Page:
The story concerns the abduction and subsequent captivity of Annie O'Sullivan, a real estate agent, and is told through first-person accounts by the victim to her psychiatrist. And if from that one sentence you think you know how the story goes, you don't. The book is not designed to titillate and the author never lingers creepily over specific acts of rape and violence. Instead the reader bears witness to Annie's pain of remembering and attempts at recovery. There is no Fatal Instinct-like denouement with the kidnapper returning to have one last go at Annie. There. I destroyed what you thought would happen, didn't I? No, if anything, the revelations that come once Annie is safely home again, and she unravels the motivations behind it all are just as shocking and just as painful as anything she had already survived. Still Missing is a beautifully written story, both horrifying and poignant. Chevy Stevens has bestseller stamped all over her future.
The Tears of Autumn. To get much into the plot is to give away McCarry's theory regarding the motive for the assassination so I won't go there. I will say that the author has a gift for bringing his Cold War-era characters to life. As much as I enjoyed the character of Paul Christopher, the CIA agent at the heart of the story, I enjoyed the character of Sybille Webster, the wife of another CIA man, just as much, even though she's more of an incidental character, albeit one of charm and wit and with her soul intact. And although Christopher logs a lot of frequent-flyer miles in his search for the truth, McCarry never lets his story slip into travelogue mode, even while presenting aspects of Vietnamese and certain African cultures of which I was unaware. Tip of the hat to the good guys at The Rap Sheet for pointing me toward this author, who was himself a CIA agent at one time. And there is a brand spanking new interview with Charles McCarry at The Morning News that makes for interesting reading.
Blood Harvest, conjured up memories of reading Tom Tryon's Harvest Home and Mary Stewart's Wildfire at Midnight, as all three books are gothic suspense with folklore playing a major role. Tryon's book is probably a more apt comparison as both Harvest Home and Blood Harvest involve rural farming communities and rituals regarding planting, harvesting, the seasons, etc. And, of course, murder.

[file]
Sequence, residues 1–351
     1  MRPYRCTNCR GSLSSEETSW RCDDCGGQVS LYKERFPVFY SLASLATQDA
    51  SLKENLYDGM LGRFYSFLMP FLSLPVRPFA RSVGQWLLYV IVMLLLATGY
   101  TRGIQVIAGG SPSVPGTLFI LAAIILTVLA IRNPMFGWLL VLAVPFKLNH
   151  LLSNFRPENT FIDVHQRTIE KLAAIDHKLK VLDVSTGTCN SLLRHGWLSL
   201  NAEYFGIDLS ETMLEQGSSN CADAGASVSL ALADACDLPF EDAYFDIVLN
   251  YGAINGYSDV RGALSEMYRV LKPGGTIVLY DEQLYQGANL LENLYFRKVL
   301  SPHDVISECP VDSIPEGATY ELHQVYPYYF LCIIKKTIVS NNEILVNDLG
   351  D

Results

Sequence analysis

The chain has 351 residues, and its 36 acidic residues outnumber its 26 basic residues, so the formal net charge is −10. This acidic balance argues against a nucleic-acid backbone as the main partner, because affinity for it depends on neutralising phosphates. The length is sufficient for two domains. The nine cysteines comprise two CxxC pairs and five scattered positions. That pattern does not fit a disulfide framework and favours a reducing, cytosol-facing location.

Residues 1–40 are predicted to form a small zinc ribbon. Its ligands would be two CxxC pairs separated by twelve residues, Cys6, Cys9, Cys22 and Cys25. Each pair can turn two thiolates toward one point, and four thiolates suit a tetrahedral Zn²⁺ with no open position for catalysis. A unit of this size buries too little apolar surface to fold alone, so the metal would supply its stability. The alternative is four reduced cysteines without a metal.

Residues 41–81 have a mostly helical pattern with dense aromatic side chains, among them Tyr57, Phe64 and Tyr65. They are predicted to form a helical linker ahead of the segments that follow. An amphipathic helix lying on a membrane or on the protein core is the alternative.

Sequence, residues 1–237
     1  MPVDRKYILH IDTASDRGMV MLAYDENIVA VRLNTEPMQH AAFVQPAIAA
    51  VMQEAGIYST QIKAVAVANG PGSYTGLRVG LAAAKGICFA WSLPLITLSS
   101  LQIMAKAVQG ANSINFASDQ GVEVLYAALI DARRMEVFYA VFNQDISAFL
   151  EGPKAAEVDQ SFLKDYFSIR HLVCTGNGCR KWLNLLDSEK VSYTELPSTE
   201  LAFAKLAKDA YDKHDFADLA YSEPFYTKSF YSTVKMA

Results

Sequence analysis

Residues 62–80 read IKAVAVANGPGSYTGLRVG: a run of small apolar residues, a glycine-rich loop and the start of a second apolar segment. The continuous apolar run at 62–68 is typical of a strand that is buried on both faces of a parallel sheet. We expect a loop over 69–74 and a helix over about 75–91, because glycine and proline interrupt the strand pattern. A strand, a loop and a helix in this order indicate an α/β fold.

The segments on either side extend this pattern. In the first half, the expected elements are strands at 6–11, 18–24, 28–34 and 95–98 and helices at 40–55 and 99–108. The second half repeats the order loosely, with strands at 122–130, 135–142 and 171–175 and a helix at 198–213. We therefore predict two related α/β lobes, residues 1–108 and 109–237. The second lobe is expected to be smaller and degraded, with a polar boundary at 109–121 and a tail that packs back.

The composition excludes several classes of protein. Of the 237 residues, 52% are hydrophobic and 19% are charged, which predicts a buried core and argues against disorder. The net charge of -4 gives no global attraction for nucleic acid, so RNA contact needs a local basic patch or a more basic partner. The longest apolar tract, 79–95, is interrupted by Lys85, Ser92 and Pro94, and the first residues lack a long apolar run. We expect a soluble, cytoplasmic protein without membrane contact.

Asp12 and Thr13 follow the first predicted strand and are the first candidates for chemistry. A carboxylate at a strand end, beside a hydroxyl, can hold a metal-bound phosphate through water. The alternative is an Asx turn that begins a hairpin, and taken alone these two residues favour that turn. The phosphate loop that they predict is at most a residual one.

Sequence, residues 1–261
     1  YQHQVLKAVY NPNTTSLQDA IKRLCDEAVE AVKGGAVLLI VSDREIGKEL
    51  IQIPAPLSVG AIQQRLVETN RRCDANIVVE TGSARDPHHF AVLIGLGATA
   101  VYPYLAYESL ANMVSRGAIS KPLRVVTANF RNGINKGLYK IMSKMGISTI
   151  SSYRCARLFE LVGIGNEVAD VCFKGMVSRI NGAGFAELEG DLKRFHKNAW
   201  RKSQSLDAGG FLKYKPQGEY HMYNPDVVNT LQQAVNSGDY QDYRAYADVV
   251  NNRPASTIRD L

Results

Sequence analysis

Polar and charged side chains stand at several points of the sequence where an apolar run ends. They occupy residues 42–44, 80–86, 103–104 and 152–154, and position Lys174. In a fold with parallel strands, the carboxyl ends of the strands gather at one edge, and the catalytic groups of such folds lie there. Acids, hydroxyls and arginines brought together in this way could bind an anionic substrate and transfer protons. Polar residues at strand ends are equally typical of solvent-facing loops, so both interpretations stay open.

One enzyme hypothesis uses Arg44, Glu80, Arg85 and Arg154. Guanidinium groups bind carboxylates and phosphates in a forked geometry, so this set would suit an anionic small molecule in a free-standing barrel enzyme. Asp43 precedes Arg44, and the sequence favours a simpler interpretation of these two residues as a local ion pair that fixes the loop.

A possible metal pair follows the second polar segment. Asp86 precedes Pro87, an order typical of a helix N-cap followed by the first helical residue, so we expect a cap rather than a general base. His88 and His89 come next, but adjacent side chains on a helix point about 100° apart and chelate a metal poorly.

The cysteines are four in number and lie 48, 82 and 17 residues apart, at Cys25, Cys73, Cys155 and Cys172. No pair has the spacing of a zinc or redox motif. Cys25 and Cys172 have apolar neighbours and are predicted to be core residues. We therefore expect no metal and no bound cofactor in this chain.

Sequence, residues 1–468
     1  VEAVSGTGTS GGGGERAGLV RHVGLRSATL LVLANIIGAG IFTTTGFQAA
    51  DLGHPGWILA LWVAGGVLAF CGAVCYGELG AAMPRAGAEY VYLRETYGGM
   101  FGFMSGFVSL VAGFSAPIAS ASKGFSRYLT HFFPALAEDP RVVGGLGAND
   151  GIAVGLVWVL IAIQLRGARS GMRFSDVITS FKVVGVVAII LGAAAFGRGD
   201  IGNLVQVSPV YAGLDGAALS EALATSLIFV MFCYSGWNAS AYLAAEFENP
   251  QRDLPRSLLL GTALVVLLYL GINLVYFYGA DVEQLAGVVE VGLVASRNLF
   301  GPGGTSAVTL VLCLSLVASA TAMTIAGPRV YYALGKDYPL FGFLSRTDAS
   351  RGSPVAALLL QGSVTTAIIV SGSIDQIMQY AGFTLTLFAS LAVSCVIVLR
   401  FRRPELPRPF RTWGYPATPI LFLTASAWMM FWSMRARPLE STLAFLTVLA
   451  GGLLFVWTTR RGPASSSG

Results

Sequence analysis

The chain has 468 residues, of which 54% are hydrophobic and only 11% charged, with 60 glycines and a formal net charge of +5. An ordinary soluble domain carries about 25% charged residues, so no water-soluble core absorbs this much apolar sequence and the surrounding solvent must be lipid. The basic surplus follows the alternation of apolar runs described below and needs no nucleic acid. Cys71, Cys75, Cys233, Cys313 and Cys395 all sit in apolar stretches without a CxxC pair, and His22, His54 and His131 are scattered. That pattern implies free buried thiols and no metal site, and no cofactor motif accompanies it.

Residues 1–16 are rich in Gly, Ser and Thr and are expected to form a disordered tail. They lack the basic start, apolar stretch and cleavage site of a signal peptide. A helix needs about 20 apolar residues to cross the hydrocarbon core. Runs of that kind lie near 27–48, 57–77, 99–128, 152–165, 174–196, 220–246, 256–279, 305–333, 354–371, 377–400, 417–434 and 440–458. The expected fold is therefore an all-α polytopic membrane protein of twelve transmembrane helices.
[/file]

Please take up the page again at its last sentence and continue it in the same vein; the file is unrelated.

When the Fletcher family, parents Gareth and Alice, sons Tom and Joe, and toddler Millie, build a new home in Heptonclough, odd things begin to happen. The children begin to hear voices, most unusual voices, and eventually ten-year-old Tom begins to believe his baby sister is in terrible danger. But his parents think he's becoming unhinged as does the psychiatrist they send him to. But when first Millie and then Joe are taken, a terrible history of children gone missing from the village begins to emerge and bodies literally come spilling out of their graves.
Tom and Joe are delightful but not overly precocious children, while a flirtation between the shy new vicar and the repressed psychiatrist permitted the author to move deftly between dry wit and heart-squeezing fear. While I thought the ending was a bit rushed and contrived, ultimately I found this eerie tale more satisfying and engaging, and rather less indulgent than the much hyped So Cold the River, by Michael Koryta.
The Last Good Kiss, by James Crumley. I've been meaning to read this book for some time and naturally I'm now wondering why I always have to drag my feet. Crumley's prose is an engrossing melange of good-ol'-boy wisdom, gritty noir, and smart-ass erudition. When it comes to similes and alcohol consumption, this book out-Chandlers Chandler, and it's got a pretty nifty missing-person case wedged in there, too.
Crumley's private investigator, C.W. Sughrue, doesn't do mean streets. He does mean roads, miles of'em. And Sughrue, unlike Chandler's decree of what a PI must be, is not strictly "a man who is not himself mean." Sughrue has moments of knight errantry offset by days of screw-you meanness. C.W. is a funny, dark, and smart character, and Crumley knows just where and when to place the knife in the reader's heart.
Even before reading this book I was well aware of its famous opening line:
When I finally caught up with Abraham Trahearne, he was drinking beer with an alcoholic bulldog named Fireball Roberts in a ramshackle joint just outside of Sonoma, California, drinking the heart right out of a fine spring afternoon.As memorable as that sentence is, it's only the start of a book that surely ranks as one of the very finest PI novels ever.